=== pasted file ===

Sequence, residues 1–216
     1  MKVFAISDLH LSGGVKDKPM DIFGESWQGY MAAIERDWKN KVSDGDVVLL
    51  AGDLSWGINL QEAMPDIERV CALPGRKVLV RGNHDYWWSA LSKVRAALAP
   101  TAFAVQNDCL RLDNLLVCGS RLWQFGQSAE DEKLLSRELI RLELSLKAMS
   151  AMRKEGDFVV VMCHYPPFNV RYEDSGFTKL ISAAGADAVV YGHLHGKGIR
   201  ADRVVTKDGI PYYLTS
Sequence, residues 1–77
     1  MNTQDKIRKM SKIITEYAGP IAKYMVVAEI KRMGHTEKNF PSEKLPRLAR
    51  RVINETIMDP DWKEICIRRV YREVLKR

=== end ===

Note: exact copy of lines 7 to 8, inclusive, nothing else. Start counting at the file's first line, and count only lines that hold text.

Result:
Sequence, residues 1–77
     1  MNTQDKIRKM SKIITEYAGP IAKYMVVAEI KRMGHTEKNF PSEKLPRLAR